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Why I Look for Longevity on Resumes

A note from our Founder and CEO, Tom Gimbel:

Today’s tight labor market coupled with the highest quit rate in nearly two decades, business leaders across the country are concerned with two things: attracting and retaining talent. I wrote several articles for The Wall Street Journal in 2017 that I believe are very relevant today, and for the next several weeks we’ll be sharing a few through TGIM, starting off with 'Why I Look for Longevity on Resumes.’ 

More and more hiring managers no longer view longevity on a résumé as a positive attribute. Some believe it indicates the employee lacks diverse work experience; others that the employee is complacent or is afraid of change. This could very well be the case, but to me (and I may be coming from an old school of thought), stability on a résumé is something that hiring managers should still value. It can demonstrate loyalty, dependability, expertise and commitment.

More specifically, here is how I evaluate longevity in a potential employee, in an attempt to see if it should be embraced, rather than dismissed.

Accomplishment of long-term goals. Longevity is an opportunity to measure if someone was able to set and achieve long-term goals. If an employee has been with a company 5, 10 or 15 years, I look to see where they have taken their career during that time. Have they been promoted, or have they grown in their role and been given more responsibility? Have they earned new degrees or certifications? Have they become involved in industry associations or developed their personal brand?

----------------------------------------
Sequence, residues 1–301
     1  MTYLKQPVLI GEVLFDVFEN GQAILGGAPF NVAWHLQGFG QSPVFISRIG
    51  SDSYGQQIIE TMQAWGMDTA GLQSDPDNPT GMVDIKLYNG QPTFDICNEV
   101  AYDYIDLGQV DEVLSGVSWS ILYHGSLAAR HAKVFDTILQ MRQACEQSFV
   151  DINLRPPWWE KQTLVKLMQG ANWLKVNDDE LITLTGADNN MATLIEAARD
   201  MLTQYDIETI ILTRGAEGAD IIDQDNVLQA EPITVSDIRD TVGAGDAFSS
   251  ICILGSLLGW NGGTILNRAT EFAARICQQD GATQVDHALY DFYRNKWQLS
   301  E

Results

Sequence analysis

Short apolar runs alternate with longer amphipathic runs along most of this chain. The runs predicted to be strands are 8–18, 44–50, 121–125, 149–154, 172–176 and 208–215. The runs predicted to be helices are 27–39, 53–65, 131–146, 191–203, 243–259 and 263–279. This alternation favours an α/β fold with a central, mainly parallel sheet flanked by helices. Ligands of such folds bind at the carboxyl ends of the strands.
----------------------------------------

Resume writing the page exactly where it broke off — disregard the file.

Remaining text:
Developed thought leadership. The longer someone is with a company the better they are able to truly understand the industry, business and the role. They can better develop their thought leadership within the space and share that knowledge. This is something job hoppers, who spend mere months at a company, aren’t likely to provide.

Meaningful relationships. Longevity shows me that someone was able to commit to working with individuals and within groups and has developed meaningful relationships with others, both internally and externally if they were client-facing.

Culture. Someone who spent substantial time with a company may have seen the culture shift and the adjustments that came as a result of that. They are able to bring that perspective to the new organization with deep understanding and relevant examples of how to handle any upcoming changes in culture.

All this is not to say that people with “hoppy”  résumés are not good hires. Many have legitimate reasons for shorter stints with previous employers. It may be that they had to take time off to care for a relative, or the company had bad management so they quit after a short period of time. It happens. But if the candidate has a new job every two to three years, that tells me a couple of things: 1) They leave when there is conflict, and 2) They value short-term money over long-term opportunity.

Most leaders don’t want to spend time and money training and developing someone who is going to take what they learn elsewhere after one year. It doesn’t make sense from a productivity and monetary standpoint. If you overlook longevity, your hire may soon hop away from your organization, too.

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